The issuance of risky payment-in-kind (PIK) bonds will continue to surge in Europe in 2014, according to Moody’s, even though the stronger equity market gives private equity firms other ways to extract cash from their LBO investments.
Private equity sponsors accounted for eight of the nine European PIK transactions that Moody’s rated in 2013 – and six of the eight were used to fund a dividend.
“Despite the return of the IPO market, which allows private equity firms to sell their LBO investments, these firms will continue to use holdco PIK issuance as another way to return money originally invested in their LBO,” said Moody’s analyst Tobias Wagner.
The short non-call period of PIK notes, in which the debt cannot easily be repaid, means investors often see them as a bridge to an IPO or debt-market exit.
“In that regard, confidence in the sustained return of the IPO market may actually stimulate some PIK issuance, in the expectation of a near-term refinancing or IPO,” said Wagner.
According to Moody’s, PIK issuance in Europe has effectively doubled year-on-year since 2011. Issuance that year was just shy of USD1bn-equivalent; 2012 saw USD1.9bn-equivalent of deals; and last year saw a massive USD4.5bn-equivalent.
This figure includes a whopping EUR1.5bn-equivalent PIK toggle by Schaeffler, split into euros and dollars, which was not only the largest publicly sold PIK toggle bond in history but also achieved the lowest-ever yields.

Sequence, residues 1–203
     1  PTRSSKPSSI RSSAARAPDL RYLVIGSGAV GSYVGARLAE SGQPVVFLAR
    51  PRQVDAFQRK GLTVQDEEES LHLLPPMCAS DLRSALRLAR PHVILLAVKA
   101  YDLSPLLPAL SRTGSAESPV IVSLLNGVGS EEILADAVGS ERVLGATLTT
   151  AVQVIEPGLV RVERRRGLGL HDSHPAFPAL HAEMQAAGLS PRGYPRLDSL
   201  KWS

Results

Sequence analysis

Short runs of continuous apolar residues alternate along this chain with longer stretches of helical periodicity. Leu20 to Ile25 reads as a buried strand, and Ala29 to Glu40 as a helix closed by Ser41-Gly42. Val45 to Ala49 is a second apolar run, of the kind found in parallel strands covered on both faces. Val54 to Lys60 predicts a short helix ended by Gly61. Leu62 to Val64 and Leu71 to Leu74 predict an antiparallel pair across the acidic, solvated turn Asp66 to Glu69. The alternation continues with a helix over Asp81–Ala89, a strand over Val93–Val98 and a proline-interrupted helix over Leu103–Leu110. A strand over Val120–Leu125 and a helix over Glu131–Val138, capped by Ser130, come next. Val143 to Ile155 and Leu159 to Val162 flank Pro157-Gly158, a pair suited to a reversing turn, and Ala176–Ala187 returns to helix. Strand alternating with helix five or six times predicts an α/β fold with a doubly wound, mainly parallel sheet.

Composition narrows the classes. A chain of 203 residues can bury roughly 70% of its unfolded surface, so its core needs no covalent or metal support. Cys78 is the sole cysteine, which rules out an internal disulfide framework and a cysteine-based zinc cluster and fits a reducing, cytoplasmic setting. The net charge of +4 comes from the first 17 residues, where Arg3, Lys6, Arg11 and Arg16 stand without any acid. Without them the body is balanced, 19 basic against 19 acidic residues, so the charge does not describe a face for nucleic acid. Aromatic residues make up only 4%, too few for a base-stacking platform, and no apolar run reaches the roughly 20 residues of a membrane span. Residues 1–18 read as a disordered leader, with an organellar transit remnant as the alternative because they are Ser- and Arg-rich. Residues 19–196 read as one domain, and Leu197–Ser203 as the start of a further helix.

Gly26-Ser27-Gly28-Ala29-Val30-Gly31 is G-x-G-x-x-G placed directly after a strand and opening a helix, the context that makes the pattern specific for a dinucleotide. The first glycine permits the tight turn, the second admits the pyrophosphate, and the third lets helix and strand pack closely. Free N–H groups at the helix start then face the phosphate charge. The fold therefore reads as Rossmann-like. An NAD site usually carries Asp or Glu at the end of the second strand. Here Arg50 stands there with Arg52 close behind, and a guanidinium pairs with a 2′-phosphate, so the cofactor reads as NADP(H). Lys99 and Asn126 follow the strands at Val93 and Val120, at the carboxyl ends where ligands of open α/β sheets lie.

But it does not include the AA’s GBP350m PIK toggle, which was unrated – and the largest sterling deal in the asset class.
While the equity market is improving and Europe’s economic fundamentals are beginning to recover, Moody’s warned that PIK issuers could still face dowgrades this year.
Moody’s assigned a negative outlook or downgraded the corporate family rating of six companies that issued PIK notes in 2013.
And it said new PIKs could come from less creditworthy companies in 2014.
Last year’s deals came from better-performing and deleveraging LBOs, with issuance predominantly from stable economies – Germany, the UK and Switzerland.
This year Moody’s believes “resistance to weaker issuers and terms will be tested in 2014”, driven by an intensified hunt for yield.
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PIKs are risky because of their deep subordination and low recovery rates in the event of a default, and their volumes are often seen as a barometer of broader risk appetite.
While PIK toggles have been a mainstay of the US market for a while, last year saw their emergence in Europe.
The toggles are a variation on PIK notes that pay coupons in cash if the issuer can, while leaving it the option of allowing interest to accrue on the principal if it cannot.
The bulk of PIK toggle issuance has been in the pay-if-you-can format, which requires cash payments if there is enough liquidity and capacity.
This is in contrast to pay-if-you-want clauses that allow the PIK issuer to make PIK or cash interest payments at will.
While Moody’s expects that most pay-if-you-can issuers will continue to pay cash interest if they meet forecasts, the payment of this interest will use cash that could otherwise be applied to support the creditworthiness of the issuers.
It also said there is little standardisation of terms across the sector, and that this could lead to price volatility if the toggle option is used unexpectedly.
Some investors have warned that several recent deals structured as pay-if-you-can have restrictions on payments that mean there is not enough cash to service the debt.
Spain’s Befesa, for example, priced a EUR150m PIK toggle in November, despite a EUR6m restricted payment basket covering barely more than a third of the PIK’s EUR15.75m annual coupon.
One investor said it was “stunning” the deal got done. (Reporting by Robert Smith)